The difference between animal and plant-based sources comes down to absorption. Non-haem iron (plant-sourced) is absorbed at rates of 2-20% whereas haem iron (animal-sourced) is absorbed at rates of 20-40%. It’s important to maintain good supplementation and nutrition when training on a vegetarian or vegan diet.

A plate of steak and vegetables

Let’s look at several factors now that influence this picture, and why up to 11% of male and 35% of female athletes suffer from iron deficiency (Sims et al., 2002), the first two factors are relevant for everybody:

  • We lose 2mg of iron every day through intestinal cell recycling
  • Female athletes lose 2mg per day during their periods
  • We lose iron in our sweat (it’s fair to say that athletes generally sweat more than pretty much anybody else) with rates ranging from 0.4 – 1.2L/hr in sweat losses
  • Foot strike haemolysis – Striking the ground with your heels whilst running can result in red blood cells rupturing prematurely. As this red squishy part of your foot is literally full of blood, running-based sports are more relevant here (Lippi, 2012)
  • Hepcidin bursts. – Our spleen releases hepcidin in response to inflammation and exercise. Hepcidin has an evolutionarily developed role of blocking iron absorption in the gut when inflammation is present. More intensive exercise, exercise that is done fasted or whilst following a low-carb diet, will typically cause 3 times more hepcidin to be released (Badenhorst, 2015)
  • Disordered eating, eating disorders and restrictive diets are unfortunately not uncommon in sports settings. This often results in the diets of an athlete being nutritionally inadequate, with iron deficiency often popping up in this context

Symptoms of low iron

You might not be aware if you have progressing iron deficiency, as ferritin levels (your backup stores) drop asymptomatically towards depletion. This drop can lead to anaemia whereby you no longer have enough iron to support oxygen transport, which is very symptomatic. With this in mind, it is prudent for those who are physically active to get repeated blood assessments done. An athlete should have a rudimentary target of 50ug/L for their ferritin count.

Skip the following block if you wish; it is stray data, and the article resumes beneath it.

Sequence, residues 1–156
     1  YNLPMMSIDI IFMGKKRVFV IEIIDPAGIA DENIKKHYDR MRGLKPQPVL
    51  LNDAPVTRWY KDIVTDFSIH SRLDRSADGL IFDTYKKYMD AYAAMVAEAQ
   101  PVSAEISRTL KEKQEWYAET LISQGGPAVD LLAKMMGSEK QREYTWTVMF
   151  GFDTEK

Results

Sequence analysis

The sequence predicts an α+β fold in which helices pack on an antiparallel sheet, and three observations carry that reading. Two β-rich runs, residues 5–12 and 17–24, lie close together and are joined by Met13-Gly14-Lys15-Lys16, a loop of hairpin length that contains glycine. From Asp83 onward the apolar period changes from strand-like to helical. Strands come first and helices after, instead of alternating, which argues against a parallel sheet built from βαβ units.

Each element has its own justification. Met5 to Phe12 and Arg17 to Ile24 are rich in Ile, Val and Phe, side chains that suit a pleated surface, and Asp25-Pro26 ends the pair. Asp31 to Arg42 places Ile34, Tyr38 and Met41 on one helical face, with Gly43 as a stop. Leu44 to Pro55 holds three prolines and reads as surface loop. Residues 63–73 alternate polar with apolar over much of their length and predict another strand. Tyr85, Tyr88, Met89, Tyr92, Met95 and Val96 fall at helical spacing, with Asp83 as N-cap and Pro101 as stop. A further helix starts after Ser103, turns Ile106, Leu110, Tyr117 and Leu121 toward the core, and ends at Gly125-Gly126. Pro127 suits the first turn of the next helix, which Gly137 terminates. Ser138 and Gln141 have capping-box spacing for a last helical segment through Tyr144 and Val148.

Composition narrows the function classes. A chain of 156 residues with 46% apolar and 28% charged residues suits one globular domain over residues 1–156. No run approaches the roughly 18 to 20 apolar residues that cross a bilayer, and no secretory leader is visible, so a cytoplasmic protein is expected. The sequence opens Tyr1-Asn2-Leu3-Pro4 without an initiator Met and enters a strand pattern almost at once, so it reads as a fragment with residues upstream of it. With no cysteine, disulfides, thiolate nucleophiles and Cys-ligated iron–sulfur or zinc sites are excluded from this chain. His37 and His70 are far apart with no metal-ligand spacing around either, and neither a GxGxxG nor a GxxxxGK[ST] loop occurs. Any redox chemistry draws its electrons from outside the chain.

If you get to the point of anaemia whereby aerobic capacity is compromised, it takes three months on high-dose iron supplements to bounce back. Symptoms to watch out for include:

  • a pale appearance
  • angular cheilitis
  • thinning hair
  • brittle nails
  • restless legs
  • general fatigue

If you notice any of these symptoms it may be time to get that blood test. An important point of note to finish on – you should never take an iron supplement unless you have been diagnosed with iron deficiency or anaemia. It is potentially hazardous and will be totally ineffective in improving athletic performance.



Sims ST, Mackay K, Leabeater A, Clarke A, Schofield K, Driller M. High Prevalence of Iron Deficiency Exhibited in Internationally Competitive, Non-Professional Female Endurance Athletes-A Case Study. Int J Environ Res Public Health. 2022 Dec 10;19(24):16606. doi: 10.3390/ijerph192416606. PMID: 36554486; PMCID: PMC9778947.

Lippi G, Schena F, Salvagno GL, Aloe R, Banfi G, Guidi GC. Foot-strike haemolysis after a 60-km ultramarathon. Blood Transfus. 2012 Jul;10(3):377-83. doi: 10.2450/2012.0167-11. Epub 2012 May 17. PMID: 22682343; PMCID: PMC3417738.

Badenhorst CE, Dawson B, Cox GR, Laarakkers CM, Swinkels DW, Peeling P. Acute dietary carbohydrate manipulation and the subsequent inflammatory and hepcidin responses to exercise. Eur J Appl Physiol. 2015 Dec;115(12):2521-30. doi: 10.1007/s00421-015-3252-3. Epub 2015 Sep 3. PMID: 26335627.